I’ve written about the old-world hierarchies of class and “society” in piping being broken down over the last 40 years, to the point where income and social status mean nothing on the boards and in the circle. But with it also goes our notion of “celebrity” and, perhaps, our unreasonable expectations of our greatest artists to be perfect people.

Jottings from Glasgow

Roddy MacLeod addresses the gathering at the Glasgow City Chambers.A few stand-out memories and observations from a chock-a-block week in Glasgow. There are hundreds more, but these came to mind first when thinking back on the week. They’re in no particular order.

Bagad Brieg

After almost 30 years of attending the World’s I realized that I had not once listened to anything but Grade 1. So, this year, I decided to will myself away from the Grade 1 Medley Final, and take a look at the Grade 2 final. There were 12 bands in the event, and several performances would have stood up well in Grade 1. But the medley that caught my ear was that of Bagad Brieg from Brittany. I was glad that they finished third overall, because I wondered if their more creative selection might alienate potentially traditionalist judges. Brieg’s finish included an impressive delivery of Gordon Duncan’s “Pressed for Time,” an ingenious and difficult composition that few bands would tackle. Brieg to me stood out from the fairly predictable fare of some of its competition, and I won’t be surprised if they are the next Breton band approved for Grade 1 by the RSPBA.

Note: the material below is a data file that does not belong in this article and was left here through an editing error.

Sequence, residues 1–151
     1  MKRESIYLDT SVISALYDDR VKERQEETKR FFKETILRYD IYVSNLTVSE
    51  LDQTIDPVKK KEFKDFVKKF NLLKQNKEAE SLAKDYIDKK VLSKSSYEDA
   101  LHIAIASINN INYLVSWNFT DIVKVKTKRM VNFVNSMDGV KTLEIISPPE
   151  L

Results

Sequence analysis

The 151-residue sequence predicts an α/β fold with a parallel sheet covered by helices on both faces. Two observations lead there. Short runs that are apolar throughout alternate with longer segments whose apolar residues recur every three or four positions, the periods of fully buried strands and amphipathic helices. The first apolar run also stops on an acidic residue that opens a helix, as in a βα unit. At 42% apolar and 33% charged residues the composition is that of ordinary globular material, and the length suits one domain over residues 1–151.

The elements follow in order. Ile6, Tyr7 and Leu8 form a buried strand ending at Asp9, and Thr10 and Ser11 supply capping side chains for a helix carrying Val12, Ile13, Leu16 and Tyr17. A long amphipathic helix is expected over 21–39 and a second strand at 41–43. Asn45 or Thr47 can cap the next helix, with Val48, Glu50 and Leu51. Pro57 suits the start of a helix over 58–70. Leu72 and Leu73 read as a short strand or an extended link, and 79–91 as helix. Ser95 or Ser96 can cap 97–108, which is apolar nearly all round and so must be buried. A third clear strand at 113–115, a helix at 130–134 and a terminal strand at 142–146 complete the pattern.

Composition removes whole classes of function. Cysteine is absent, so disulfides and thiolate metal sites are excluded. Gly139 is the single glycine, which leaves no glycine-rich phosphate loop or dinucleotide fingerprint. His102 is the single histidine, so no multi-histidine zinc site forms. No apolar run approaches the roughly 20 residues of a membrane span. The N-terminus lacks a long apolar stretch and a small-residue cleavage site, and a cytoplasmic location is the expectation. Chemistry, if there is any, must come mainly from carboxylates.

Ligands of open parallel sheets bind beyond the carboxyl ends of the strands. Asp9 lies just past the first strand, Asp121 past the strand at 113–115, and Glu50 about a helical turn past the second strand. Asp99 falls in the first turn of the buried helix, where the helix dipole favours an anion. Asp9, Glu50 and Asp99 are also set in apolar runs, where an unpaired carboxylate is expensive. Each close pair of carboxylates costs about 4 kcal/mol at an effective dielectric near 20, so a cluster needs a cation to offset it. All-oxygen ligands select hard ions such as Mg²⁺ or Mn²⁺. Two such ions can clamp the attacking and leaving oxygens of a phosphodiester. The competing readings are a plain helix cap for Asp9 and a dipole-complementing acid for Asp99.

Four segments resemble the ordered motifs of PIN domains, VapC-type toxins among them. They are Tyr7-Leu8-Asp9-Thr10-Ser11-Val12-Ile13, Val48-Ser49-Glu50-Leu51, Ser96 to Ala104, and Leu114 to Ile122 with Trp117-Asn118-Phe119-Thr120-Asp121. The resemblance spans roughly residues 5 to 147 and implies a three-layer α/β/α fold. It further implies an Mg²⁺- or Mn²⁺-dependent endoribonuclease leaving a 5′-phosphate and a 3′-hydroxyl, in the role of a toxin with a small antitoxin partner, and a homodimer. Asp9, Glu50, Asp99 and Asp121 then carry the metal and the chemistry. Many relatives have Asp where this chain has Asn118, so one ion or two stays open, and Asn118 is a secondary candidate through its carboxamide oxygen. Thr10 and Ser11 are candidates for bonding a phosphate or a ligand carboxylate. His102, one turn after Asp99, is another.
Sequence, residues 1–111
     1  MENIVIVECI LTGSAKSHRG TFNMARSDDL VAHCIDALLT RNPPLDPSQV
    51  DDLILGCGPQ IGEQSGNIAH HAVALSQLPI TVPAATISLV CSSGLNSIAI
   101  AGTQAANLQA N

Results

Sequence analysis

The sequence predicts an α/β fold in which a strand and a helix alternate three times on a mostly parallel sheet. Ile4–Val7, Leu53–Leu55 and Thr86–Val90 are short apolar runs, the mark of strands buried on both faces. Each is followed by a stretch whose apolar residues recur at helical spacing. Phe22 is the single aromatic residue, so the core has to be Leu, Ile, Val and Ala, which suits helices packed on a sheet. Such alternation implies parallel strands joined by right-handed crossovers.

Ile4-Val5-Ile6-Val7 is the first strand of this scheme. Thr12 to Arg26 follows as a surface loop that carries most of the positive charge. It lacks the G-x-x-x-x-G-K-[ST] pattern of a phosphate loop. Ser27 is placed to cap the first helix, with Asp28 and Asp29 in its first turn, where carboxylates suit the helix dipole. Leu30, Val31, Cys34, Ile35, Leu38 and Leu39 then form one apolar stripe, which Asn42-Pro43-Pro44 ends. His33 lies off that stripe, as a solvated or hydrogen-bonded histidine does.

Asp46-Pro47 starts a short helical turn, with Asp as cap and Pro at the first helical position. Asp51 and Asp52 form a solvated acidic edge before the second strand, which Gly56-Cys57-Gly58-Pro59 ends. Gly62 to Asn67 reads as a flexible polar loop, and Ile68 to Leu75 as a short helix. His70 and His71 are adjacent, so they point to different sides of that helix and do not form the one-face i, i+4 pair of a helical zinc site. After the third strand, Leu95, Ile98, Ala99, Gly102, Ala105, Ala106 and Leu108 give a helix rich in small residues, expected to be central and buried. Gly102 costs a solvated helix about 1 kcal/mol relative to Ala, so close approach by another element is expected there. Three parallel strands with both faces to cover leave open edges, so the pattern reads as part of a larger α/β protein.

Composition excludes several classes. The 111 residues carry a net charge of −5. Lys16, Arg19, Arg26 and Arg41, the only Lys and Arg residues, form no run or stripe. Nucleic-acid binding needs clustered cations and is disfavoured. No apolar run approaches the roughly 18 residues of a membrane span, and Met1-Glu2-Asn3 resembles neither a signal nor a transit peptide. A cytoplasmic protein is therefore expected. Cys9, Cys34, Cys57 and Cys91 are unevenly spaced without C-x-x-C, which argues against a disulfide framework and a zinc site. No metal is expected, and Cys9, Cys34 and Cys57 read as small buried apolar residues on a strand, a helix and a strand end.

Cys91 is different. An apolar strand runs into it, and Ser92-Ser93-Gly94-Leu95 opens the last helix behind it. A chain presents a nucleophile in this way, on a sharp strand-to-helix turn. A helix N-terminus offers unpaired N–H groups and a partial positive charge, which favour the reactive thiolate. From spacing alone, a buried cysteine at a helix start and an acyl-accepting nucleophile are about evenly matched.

Armagh Pipers Club